The full suspension system offers more comfort than there hardtail counterpart. The rear suspension lends itself to a more comfortable ride. If you are a heavier rider you do want to consider setting the shocks to the appropriate pressure before riding.

Here is a quick guide to show you how to set up your full suspension mountain bike to be optimized for your exact weight

The 4 Step ProcesWhat it isHow To Set It Up
Set The Pre-LoadYou want to set the suspension to match your riders weight. Too much and you could bottom out on rocky terrain. If you don’t have enough you won’t notice any travel. You want to make sure you set this just right.Coil-sprung shocks aren’t recommended for riders over 190 pounds. So if you are a heavy rider you most likely using an air fork or shock suspension. You’ll set the preload using a special pump. Check your owners manual for a guide to your specific bike.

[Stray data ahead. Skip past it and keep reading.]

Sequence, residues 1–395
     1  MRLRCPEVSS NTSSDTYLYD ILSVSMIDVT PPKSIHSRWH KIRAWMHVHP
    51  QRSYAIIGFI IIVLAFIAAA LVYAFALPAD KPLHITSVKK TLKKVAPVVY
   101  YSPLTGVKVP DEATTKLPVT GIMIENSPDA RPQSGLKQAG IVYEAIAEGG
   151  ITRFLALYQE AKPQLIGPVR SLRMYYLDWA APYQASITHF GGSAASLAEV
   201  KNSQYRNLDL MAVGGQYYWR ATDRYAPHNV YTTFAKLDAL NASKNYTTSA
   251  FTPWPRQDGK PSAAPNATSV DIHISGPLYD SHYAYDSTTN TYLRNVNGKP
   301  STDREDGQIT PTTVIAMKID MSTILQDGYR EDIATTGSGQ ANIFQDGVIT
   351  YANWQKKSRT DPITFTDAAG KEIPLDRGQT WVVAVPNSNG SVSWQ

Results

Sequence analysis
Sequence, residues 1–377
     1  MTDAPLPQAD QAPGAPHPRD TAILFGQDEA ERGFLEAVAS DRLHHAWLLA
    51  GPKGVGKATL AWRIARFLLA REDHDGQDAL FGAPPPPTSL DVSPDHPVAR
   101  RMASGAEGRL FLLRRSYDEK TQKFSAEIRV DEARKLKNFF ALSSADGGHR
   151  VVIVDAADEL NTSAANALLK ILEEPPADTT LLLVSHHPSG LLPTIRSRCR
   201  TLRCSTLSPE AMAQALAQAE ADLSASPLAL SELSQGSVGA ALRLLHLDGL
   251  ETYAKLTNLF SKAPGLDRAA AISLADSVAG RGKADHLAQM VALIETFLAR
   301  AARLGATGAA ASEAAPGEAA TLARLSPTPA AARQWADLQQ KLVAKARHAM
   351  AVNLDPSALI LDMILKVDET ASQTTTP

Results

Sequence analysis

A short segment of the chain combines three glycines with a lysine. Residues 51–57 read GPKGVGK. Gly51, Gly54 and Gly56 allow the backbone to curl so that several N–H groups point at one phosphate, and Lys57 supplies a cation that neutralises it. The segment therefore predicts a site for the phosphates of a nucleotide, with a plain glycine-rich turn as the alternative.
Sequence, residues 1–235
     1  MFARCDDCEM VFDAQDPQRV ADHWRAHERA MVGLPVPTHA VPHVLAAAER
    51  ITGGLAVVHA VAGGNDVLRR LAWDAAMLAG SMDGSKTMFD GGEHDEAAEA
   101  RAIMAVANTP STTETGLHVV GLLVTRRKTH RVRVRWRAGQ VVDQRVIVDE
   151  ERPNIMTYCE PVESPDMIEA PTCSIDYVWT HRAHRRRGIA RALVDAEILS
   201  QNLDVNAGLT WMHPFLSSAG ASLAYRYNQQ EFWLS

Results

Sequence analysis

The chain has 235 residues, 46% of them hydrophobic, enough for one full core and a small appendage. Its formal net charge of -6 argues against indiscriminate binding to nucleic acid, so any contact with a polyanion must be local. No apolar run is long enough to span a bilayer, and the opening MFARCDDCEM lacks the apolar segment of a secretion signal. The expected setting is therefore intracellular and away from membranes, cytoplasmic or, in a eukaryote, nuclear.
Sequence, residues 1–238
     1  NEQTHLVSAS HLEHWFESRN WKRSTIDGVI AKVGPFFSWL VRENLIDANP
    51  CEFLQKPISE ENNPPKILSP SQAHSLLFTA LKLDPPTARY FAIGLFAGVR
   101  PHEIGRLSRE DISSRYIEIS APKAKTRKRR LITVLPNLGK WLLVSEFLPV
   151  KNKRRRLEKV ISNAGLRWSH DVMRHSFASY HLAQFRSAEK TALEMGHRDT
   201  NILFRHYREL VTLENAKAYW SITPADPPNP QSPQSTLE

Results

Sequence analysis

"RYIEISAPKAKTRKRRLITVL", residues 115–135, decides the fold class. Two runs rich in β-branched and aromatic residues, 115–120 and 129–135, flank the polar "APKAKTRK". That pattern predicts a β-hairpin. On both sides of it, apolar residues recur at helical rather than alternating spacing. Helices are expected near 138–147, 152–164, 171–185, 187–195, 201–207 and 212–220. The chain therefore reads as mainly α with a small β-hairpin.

Set The SagThe sag is that initial bounce you get when you sit into the saddle of your bike. I’ll refer to this method as its the easiest way to explain how to set the sage. You’ll need a friend to help balance your bike as you set this feature. “If your shocks are set properly for your weight, you should see 25-30 percent of the shock stanchion—the part of the shock that disappears into the shock body when the shock is loaded—between the o-ring and the shock body. Eyeball it or use a ruler to measure. If less than 30 percent of the stanchion is showing below the o-ring, unscrew the valve cap on your shock and, using a shock pump, add air—about 10 PSI at a time. If more is showing release air by tapping on the shock pump release valve one tap at a time.” -Outside Online